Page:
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The Last Supper
It wasn’t the best news I’d ever received. Cynthia gave me a prescription for a low dose of medicine. Not wanting to be on any medicine, I asked, “What can I do to lower my blood pressure on my own - without meds.”
“Exercise and lose the extra weight.” She said. “I’m working on that.” I told her. “What else can I do?” I asked. “Quit smoking...” She said, “I did that almost nine years ago.” I explained.
“Good for you! Now switch to a more healthy diet.” She said, “Cut down on the salt, alcohol and caffeine.” “Caffeine? As in coffee?” I queried. “Yes. Cut way down or switch to decaf coffee.” She replied. I hung my head and pouted, “Decaf? What’s the point?” She rolled her eyes and continued. “Avoid stress.” She said. I rolled my eyes, “Decaf stresses me.”
“Cut down on fats and red meat. You don’t need to eat red meat more than once a week.” Seeing my delicious steaks, hamburgers and roast beef slipping away from me, I asked, “Cut down on red meat? What am I supposed to eat? Cardboard?” “Eat more chicken and fish.” She said.
“I already eat a lot of chicken - and salmon once a week.” I explained. She responded, “Keep doing these things; we’ll keep an eye on your blood pressure. Get it back down where it should be, then we can get rid of the meds.”
I’ve read the brochures on hypertension. She didn’t tell me anything I didn’t already know - what she did tell me is that it’s time to start applying that information to MY lifestyle. I also knew for all the healthy things I was eating and doing, the unhealthy habits were taking their toll - it was time to cut out the...ugh...fast food.
As I left her office, I took inventory of what she just told me. “Diet, exercise and lose weight. Avoid stress. No smoking, get rid of the salt, alcohol and caffeine. Cut way back on red meat, eat fish and chicken instead.” My eyes lit up.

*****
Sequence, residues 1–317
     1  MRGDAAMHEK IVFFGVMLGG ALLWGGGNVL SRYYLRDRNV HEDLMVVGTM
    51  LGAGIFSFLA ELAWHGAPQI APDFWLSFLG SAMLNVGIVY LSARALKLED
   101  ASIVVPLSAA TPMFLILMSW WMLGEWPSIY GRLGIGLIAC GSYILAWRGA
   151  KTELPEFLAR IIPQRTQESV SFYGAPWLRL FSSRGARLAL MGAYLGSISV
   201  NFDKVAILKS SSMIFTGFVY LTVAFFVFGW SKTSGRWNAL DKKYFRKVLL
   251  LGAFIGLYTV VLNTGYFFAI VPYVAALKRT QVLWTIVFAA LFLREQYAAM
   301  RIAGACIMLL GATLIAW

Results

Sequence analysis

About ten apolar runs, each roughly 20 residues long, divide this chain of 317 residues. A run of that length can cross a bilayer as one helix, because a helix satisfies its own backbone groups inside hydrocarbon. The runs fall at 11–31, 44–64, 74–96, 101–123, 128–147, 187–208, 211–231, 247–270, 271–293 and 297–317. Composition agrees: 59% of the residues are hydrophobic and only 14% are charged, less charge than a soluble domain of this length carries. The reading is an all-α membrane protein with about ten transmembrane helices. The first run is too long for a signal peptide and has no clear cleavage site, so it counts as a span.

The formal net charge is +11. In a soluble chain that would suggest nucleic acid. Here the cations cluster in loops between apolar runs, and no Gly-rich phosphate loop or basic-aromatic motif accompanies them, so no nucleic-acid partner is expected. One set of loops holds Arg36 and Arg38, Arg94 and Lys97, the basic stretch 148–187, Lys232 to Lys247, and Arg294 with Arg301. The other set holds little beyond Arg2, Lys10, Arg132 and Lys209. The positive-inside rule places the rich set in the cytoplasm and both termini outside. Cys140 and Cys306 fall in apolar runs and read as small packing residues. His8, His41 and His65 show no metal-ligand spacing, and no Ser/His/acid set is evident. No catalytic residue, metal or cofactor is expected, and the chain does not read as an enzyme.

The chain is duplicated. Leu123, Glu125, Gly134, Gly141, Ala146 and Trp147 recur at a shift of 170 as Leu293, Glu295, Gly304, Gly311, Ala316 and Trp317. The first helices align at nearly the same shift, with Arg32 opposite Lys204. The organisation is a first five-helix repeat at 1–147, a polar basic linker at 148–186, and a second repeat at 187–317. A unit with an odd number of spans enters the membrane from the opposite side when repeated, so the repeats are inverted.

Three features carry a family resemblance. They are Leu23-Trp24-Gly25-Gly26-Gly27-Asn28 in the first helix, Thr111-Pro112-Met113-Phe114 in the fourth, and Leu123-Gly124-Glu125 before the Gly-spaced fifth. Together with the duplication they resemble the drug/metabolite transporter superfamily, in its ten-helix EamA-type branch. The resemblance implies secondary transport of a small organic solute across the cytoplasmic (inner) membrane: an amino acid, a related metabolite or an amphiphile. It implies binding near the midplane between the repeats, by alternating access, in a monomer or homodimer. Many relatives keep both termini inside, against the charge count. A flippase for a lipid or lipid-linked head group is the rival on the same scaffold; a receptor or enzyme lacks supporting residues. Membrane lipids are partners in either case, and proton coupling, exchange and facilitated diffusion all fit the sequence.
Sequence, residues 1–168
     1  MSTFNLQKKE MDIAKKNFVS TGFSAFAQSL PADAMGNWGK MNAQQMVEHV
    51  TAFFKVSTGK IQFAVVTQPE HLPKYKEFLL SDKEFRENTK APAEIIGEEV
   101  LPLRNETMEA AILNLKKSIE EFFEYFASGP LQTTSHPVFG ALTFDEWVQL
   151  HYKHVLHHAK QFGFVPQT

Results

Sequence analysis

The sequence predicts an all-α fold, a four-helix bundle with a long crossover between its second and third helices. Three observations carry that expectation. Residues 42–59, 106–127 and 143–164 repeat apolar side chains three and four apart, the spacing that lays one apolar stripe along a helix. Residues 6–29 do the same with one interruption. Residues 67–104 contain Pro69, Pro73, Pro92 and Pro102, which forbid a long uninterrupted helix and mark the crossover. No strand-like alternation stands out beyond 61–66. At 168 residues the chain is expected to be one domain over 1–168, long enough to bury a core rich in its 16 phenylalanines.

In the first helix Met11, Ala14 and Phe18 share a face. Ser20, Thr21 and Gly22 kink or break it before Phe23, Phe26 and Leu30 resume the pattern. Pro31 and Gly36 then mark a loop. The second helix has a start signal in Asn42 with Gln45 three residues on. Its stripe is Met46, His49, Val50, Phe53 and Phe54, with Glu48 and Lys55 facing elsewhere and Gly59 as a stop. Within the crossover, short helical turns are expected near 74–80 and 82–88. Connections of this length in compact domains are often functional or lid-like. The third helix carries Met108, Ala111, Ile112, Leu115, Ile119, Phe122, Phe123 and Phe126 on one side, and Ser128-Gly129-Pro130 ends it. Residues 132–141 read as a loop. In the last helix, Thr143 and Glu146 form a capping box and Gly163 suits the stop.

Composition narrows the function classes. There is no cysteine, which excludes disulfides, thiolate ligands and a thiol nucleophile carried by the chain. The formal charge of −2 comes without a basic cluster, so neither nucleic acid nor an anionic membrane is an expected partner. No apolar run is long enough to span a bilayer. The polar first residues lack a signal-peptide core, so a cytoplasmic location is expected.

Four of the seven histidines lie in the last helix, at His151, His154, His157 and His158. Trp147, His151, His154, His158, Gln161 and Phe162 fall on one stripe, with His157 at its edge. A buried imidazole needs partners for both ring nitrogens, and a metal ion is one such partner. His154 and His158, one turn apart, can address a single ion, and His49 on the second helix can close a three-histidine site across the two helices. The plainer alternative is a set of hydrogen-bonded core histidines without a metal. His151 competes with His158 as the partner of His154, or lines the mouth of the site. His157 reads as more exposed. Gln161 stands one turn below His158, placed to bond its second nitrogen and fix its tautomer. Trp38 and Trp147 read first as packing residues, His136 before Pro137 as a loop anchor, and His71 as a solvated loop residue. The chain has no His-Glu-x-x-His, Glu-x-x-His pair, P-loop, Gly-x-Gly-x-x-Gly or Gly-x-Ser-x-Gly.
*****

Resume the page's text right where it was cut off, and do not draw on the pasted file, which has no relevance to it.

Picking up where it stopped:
“Chicken? She just told me to eat more KFC.” I said aloud. Okay, maybe that’s not exactly what she said, but that’s what I heard and I love Kentucky Fried Chicken!
I was laughing about that as I got in my car and drove away, headed for KFC. One last hurrah if you will, just like Fat Tuesday, before Ash Wednesday and the Lenten Season. It would be like my last supper; a celebration of my new heathy diet...that starts tomorrow.
I started to reminisce about the first time I ever tasted KFC. I was about eleven or twelve years old; we lived in Madison, Wisconsin. My brother Dan worked at Kentucky Fried Chicken at the corner of Monona Drive and Davidson Street - about four blocks from our house.
My brother Gerard and I would walk by the restaurant and look in the front windows. A time or two we knocked on the window to get Danny’s attention. “You guys can’t be knocking on the windows when people are sitting at the booth.” Danny told us, but we didn’t mind - those people weren’t bothering us.
We didn’t have any money, but we knew if Danny saw us and waved, we could run around behind the store to the back door. Danny would come out and give us each a piece of chicken. Needless to say, that was a real treat.
We’d walk back home, eating our chicken right down to the bones, then lick our fingers clean, too. I sometimes wonder if that’s where the Colonel got his slogan. “When I grow up and get a job,” I told Gerard, “I’m going to eat Kentucky Fried Chicken every day.” Those eleven herbs and spices had me, hook, line and sinker.
A few years later, my family moved to Ottumwa, Iowa. My dad was a member of the Rotary Club. It seemed like every time the Rotarians were working on a project, like cleaning up trash from a highway, planting redbud trees in a park, setting up for Oktoberfest, or other such community service, I was recruited to be a Rotarian for the day, too.